245678 Mandated Reporting of Maternity Care Utilization Data

Monday, October 31, 2011: 9:18 AM

Jill Arnold , The Unnecesarean, San Diego, CA
Nearly one-third (32%) of all births in the United States are cesarean deliveries. Though often lifesaving, cesarean delivery involves major abdominal surgery that many pregnant women wish to avoid absent clear clinical indication. Cesarean delivery poses physical health and safety risks for women and infants; in addition, hospital charges for a cesarean delivery are almost double those for a vaginal delivery. At present time, hospitals are not required to report cesarean utilization rates to the public, and only 11 states make hospital-level cesarean rates available to the public through websites. There is also a wide variety in the data being reported, with some states reporting actual figures while others report risk-adjusted numbers. Only New York and Massachusetts have laws in place mandating the reporting of cesarean sections. Pregnant women in the remaining states are without access to data on an important quality measure in maternity care, and therefore lack an important tool to make a fully informed decision about their health care and place of birth. The speaker will discuss how mandated reporting of maternity care utilization rates, namely cesarean section delivery, primary cesarean delivery, and vaginal birth after cesarean (VBAC) would benefit women and their care providers as they strive to create healthy minds and bodies throughout the childbearing cycle.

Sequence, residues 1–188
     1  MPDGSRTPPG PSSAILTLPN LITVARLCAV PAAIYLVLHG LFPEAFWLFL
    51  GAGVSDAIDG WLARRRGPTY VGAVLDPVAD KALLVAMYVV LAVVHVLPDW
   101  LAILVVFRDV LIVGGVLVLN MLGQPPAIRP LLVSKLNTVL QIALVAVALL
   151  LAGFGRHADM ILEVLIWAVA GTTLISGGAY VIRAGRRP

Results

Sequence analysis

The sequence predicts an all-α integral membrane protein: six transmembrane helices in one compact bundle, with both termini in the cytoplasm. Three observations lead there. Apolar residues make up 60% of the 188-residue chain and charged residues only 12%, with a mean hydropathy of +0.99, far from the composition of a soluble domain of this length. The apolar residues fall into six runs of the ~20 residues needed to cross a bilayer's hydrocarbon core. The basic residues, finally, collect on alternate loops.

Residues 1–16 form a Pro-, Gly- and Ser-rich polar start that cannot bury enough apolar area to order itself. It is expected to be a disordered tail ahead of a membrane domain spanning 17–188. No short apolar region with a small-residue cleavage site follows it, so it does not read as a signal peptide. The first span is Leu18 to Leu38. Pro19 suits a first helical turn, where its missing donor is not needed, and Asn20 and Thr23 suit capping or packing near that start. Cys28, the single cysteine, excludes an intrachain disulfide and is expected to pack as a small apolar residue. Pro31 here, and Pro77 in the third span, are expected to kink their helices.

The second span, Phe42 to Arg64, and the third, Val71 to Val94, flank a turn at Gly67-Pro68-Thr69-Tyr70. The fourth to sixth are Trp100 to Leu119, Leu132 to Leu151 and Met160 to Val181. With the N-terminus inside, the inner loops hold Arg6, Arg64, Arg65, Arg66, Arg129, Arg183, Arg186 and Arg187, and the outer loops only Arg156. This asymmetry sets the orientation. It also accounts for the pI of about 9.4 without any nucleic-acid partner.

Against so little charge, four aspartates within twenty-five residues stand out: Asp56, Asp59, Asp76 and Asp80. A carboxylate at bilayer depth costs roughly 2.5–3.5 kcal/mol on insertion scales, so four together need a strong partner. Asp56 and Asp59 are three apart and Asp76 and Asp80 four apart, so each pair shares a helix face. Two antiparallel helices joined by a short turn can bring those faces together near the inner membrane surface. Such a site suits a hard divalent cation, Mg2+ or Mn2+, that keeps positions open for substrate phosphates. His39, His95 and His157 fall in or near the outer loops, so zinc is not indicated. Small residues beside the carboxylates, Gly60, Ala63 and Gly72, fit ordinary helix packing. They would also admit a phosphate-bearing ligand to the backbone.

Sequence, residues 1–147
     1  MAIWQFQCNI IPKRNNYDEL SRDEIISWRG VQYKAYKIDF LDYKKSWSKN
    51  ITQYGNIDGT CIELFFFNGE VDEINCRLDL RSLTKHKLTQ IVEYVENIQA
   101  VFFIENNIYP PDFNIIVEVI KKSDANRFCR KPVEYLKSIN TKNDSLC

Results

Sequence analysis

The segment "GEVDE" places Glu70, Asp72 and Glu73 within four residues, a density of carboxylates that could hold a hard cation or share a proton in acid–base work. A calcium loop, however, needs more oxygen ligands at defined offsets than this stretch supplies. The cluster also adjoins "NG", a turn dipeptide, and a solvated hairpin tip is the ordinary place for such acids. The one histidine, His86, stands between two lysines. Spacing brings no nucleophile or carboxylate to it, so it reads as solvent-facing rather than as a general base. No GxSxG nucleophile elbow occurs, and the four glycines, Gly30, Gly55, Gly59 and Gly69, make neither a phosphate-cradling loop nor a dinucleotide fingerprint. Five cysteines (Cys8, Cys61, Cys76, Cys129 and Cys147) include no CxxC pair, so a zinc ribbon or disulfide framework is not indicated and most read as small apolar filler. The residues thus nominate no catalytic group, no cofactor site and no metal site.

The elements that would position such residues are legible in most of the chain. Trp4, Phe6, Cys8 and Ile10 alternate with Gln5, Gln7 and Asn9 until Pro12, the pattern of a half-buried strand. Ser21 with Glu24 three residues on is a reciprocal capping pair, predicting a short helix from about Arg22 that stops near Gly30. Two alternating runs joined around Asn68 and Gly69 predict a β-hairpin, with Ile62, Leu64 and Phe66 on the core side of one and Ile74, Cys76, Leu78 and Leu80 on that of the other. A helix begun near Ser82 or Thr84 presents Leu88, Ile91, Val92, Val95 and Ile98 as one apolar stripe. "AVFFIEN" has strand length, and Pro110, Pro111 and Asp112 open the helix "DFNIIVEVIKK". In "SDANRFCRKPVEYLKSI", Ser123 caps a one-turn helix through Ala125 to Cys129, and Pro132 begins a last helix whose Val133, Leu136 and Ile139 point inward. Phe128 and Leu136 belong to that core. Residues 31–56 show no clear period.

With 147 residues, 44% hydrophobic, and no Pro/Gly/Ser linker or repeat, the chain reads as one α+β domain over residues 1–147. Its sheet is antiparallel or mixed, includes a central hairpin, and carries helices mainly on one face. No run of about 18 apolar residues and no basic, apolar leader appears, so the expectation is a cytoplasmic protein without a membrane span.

Learning Areas:
Advocacy for health and health education
Assessment of individual and community needs for health education
Communication and informatics
Public health or related laws, regulations, standards, or guidelines
Public health or related public policy
Public health or related research

Learning Objectives:
1. Describe the current landscape of maternity utilization data reporting. 2. Assess the benefits of mandated reporting of cesearean utilization across the United States. 3. Explain the importance of data to informed decision making in maternity care. 4. Discuss the way in which access to information can further birth justice.

Keywords: Maternal Well-Being, Women's Health

Presenting author's disclosure statement:

Qualified on the content I am responsible for because: I am an independent public health researcher working to obtain hospital-level cesarean rates for each of the 50 states. I write and edit the popular blog theunnecesarean.com where this information is published.
Any relevant financial relationships? Yes

Name of Organization Clinical/Research Area Type of relationship
theunnecesarean.com Personal Blog write and edit this blog

I agree to comply with the American Public Health Association Conflict of Interest and Commercial Support Guidelines, and to disclose to the participants any off-label or experimental uses of a commercial product or service discussed in my presentation.